Jesus used food and fellowship to fill the empty stomachs of the poor around him, even those individuals who were outcasts because of “sin,” (Luke 15:1-2). Jesus also pointed to the day that God would serve a great banquet in the Kingdom that is to come (Isaiah 25:6).
For this and many reasons, food has become an important resource for Christian discipleship. Our sharing of it, consumption of it, and cultivating of it all point to the bedrock value of God’s sanctity of life. Nourishment is a part of God’s purpose for us.
No wonder Jesus’ final public act with the disciples was a meal in which he shared bread and wine as symbols of his body and blood. Even our favorite psalm, the twenty-third, promises that God will overflow our cup at divinely prepared table (v. 5).
Food is still important to us and, for that reason, many Christians are taking a second look at how food gets from the earth to the table. The fair trade movement, just one way we get food while supporting the farmers and manufacturers who make it, is breaking through in the Christian world.
The fair trade movement is a grassroots and ecological effort to insure that the food we buy is grown and manufactured by companies that care for their workers and ethical business practices. Such practices, for instance, include living wages as well as decent benefits.
Many advocacy groups have been pushing for these regulations for years. The Fair Food Standards Council, as one example, has negotiated with several major companies to protect tomato farmers in Florida.
Thanks to their efforts, Wal-Mart has agreed to stock fair food products. The Hershey Company, well-known for delicious chocolate, insures that at least 18% of its cocoa sources abide by fair trade practices; it’s goal is to reach 100% by the year 2020.
For Christians who are concerned about workers in the food industry–as well as the integrity of the food we consume every day–this is welcome news.
It also points to an emphasis on social justice–the notion that our community practices, not just individual choice and behavior, shape our values and moral standards as a people and nation.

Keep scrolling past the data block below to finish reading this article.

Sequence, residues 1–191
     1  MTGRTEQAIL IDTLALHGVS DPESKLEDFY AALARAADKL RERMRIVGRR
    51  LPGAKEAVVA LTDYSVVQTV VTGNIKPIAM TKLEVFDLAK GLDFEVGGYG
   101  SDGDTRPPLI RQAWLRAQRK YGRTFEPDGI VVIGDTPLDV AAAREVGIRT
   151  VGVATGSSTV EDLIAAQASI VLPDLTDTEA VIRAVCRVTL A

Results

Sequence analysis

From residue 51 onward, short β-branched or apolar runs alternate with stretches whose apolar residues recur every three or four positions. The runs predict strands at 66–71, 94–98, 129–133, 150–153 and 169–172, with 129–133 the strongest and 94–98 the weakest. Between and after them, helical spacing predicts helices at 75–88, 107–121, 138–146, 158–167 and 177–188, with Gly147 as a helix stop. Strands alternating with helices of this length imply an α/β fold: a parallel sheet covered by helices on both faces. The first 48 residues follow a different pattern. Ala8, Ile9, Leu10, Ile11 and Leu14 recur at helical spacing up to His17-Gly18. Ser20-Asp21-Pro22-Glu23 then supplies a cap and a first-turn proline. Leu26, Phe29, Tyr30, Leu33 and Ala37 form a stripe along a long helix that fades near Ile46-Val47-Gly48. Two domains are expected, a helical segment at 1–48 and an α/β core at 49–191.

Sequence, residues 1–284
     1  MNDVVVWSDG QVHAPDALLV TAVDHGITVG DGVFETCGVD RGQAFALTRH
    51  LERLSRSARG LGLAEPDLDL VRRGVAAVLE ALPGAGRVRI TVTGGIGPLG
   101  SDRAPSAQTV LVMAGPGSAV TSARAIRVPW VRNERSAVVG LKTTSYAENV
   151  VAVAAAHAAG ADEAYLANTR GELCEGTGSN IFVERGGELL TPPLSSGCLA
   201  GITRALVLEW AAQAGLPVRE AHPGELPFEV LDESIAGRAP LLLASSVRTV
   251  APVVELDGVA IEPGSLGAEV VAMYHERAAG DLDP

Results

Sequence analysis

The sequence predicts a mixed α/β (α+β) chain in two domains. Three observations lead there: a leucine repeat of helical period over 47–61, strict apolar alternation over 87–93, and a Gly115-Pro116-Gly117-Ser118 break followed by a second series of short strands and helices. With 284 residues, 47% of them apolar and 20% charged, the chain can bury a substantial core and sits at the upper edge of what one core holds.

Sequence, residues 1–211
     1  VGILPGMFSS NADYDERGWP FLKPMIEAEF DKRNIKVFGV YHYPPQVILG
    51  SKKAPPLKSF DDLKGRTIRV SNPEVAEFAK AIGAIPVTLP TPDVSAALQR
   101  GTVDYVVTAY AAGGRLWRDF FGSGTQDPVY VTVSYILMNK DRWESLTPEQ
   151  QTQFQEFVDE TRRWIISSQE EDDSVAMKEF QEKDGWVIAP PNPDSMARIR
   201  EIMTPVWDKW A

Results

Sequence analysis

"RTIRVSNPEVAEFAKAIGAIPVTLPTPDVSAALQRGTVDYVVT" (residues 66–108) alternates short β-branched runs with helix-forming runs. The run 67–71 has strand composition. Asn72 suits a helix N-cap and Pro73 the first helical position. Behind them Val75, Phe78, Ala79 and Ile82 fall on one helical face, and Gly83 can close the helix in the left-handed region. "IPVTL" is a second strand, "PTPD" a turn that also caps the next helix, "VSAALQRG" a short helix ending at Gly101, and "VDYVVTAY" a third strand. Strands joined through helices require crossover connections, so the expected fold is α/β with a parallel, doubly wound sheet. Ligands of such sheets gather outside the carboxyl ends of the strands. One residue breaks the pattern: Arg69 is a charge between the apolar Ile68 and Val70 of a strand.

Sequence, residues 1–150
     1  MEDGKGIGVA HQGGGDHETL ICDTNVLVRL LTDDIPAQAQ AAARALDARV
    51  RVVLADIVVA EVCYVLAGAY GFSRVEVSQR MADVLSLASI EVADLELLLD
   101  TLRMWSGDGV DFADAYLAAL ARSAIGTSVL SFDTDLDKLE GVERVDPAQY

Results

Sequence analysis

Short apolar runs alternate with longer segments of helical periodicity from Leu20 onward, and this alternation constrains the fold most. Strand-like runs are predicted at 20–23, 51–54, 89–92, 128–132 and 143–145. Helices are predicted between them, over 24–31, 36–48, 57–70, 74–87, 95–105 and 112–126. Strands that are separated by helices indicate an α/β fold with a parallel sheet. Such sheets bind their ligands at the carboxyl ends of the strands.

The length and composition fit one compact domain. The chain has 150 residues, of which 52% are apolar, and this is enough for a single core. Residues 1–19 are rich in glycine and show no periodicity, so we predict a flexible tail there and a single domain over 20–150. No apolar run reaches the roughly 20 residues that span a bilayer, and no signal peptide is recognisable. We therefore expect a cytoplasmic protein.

That’s why Jesus chose to eat publicly with people whom others excluded. He was forcing his naysayers to see that God’s priorities were different from theirs, that God’s relationships exceeded the boundaries that people often put on one another. For Jesus, food was a powerful catalyst for connecting humans with God.
Brian McLaren, best-selling author and Christian pastor, states that fair food collaborations are key to establishing ethical expectations upon communities and corporations alike when it comes to bridging the gap not only between creation and the Creator, but between the rich and poor.
Not everyone agrees, and the fair trade industry does have its critics. Conyers-based missionaries, Jason and Noelle Cosby, run a small, non-profit coffee house, Awake Coffee, on 1203 Royal Drive. The mission of Awake is to build community one cup of coffee at a time in order to fund social projects locally and internationally.
Noelle Cosby, who has spent some time on coffee farms in Guatemala, noted that the fair trade industry is just that: an industry. Farmers do not get paid directly, and fair trade partners often keep large sums of profits for themselves.
Awake Coffee, on the other hand, uses a “direct trade” model, in which farmers get paid directly. The goal, says Cosby, is to create communities in which farmers have sustainable resources and an income to support their families.
Her concern is for the welfare of farmers and her customers alike. Living by the Great Commission of Matthew 28, Cosby says that she believes in the adage, “Preach the gospel; when necessary, use words.”
For her and many like her, preaching the gospel is just as much about building communities in which economics are sustainable as much as it is about encouraging people to believe that Jesus is the Good News of salvation for all who believe.